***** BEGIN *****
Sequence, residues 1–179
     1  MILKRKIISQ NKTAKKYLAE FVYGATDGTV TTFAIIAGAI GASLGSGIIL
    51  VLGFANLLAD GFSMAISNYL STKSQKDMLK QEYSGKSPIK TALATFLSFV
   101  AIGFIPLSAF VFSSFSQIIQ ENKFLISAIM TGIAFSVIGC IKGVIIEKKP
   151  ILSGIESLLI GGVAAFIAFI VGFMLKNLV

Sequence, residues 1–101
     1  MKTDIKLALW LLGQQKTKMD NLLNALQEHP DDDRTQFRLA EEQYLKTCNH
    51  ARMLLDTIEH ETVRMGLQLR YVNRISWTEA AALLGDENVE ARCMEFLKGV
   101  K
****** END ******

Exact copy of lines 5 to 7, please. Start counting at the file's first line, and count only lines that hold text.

   151  ILSGIESLLI GGVAAFIAFI VGFMLKNLV

Sequence, residues 1–101
     1  MKTDIKLALW LLGQQKTKMD NLLNALQEHP DDDRTQFRLA EEQYLKTCNH